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J Microbiol Immunol Infect. 2014 Feb;47(1):63-9. doi: 10.1016/j.jmii.2012.08.018. Epub 2012 Sep 30.

Efficacy of nasal irrigation in the treatment of acute sinusitis in atopic children.

Author information

1
Division of Allergy, Asthma and Rheumatology, Department of Pediatrics, Chung Shan Medical University Hospital, Taichung, Taiwan.
2
Division of Allergy, Asthma and Rheumatology, Department of Pediatrics, Chung Shan Medical University Hospital, Taichung, Taiwan; School of Medicine, Chung Shan Medical University, Taichung, Taiwan.
3
Division of Allergy, Asthma and Rheumatology, Department of Pediatrics, Chung Shan Medical University Hospital, Taichung, Taiwan; School of Medicine, Chung Shan Medical University, Taichung, Taiwan. Electronic address: cshy095@csh.org.tw.

Abstract

BACKGROUND:

Nasal irrigation has been used as adjunctive therapy for sinonasal disease but is under-researched in children. The study aim was to evaluate the effectiveness of nasal irrigation with normal saline in the management of acute sinusitis in atopic children.

METHODS:

We enrolled 60 atopic children with acute sinusitis, of whom 29 received nasal irrigation with normal saline and 31 did not receive nasal irrigation. All participants underwent a nasal peak expiratory flow rate (nPEFR) test, a nasal smear examination, and radiography (Water's projection) and were requested to complete a Pediatric Rhinoconjunctivitis Quality-of-Life Questionnaire (PRQLQ) during the baseline visit. All participants were requested to record symptoms in a daily diary and were followed up at 1-week intervals. A physical examination, nasal smear, and nPEFR were performed at each visit, and all daily diaries were collected. At the final visit (after 3 weeks), the symptom diaries were reviewed and participants were requested to complete the PRQLQ again. nPEFR, radiography, and a nasal smear were also repeated.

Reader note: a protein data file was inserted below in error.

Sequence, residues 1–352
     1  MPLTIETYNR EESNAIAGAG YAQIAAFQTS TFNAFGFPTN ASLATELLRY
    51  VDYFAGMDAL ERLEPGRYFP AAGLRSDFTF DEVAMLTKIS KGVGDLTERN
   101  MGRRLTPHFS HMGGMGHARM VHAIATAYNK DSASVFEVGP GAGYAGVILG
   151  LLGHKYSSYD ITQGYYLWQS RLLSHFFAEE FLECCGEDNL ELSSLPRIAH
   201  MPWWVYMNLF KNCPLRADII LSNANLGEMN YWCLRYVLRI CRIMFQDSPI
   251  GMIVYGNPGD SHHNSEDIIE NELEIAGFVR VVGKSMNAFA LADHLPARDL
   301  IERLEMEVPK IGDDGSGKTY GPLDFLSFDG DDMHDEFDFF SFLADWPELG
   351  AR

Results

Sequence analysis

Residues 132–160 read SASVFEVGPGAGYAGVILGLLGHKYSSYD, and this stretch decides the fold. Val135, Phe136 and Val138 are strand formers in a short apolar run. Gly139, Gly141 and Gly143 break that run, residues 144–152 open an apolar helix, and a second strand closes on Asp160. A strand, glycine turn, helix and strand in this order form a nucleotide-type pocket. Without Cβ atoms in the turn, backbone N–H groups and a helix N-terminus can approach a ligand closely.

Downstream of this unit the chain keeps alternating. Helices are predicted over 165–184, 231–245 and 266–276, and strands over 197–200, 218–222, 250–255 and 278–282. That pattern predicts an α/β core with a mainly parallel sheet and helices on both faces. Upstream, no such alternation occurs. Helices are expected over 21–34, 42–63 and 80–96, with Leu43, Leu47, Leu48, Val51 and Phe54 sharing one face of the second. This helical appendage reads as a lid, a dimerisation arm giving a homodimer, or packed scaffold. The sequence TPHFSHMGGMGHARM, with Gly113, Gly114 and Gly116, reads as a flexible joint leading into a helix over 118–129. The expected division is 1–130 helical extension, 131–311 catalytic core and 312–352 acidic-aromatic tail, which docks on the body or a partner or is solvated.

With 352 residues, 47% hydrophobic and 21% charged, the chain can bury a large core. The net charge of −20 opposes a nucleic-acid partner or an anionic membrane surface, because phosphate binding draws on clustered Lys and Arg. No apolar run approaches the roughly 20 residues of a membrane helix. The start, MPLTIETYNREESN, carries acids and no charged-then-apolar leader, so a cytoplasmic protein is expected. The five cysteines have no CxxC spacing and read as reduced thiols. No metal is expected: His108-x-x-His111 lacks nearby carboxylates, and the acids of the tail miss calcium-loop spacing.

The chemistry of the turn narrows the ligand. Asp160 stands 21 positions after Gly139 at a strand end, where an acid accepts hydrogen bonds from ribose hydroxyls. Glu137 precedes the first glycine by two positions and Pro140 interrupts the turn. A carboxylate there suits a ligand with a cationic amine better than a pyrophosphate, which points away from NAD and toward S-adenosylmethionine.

RESULTS:

There were significant improvements in mean PRQLQ and nPEFR values (p < 0.05) for the irrigation compared to the non-irrigation group. There was no significant difference in radiographic findings between the groups (p > 0.05). The irrigation group recorded significant improvements in eye congestion, rhinorrhea, nasal itching, sneezing, and cough symptoms compared with the non-irrigation group.

CONCLUSION:

Nasal irrigation is an effective adjunctive treatment for acute sinusitis in atopic children.

KEYWORDS:

Acute sinusitis; Atopic children; Nasal peak expiratory flow rate; Pediatric Rhinoconjunctivitis Quality-of-Life Questionnaire

PMID:
23034126
DOI:
10.1016/j.jmii.2012.08.018
[Indexed for MEDLINE]
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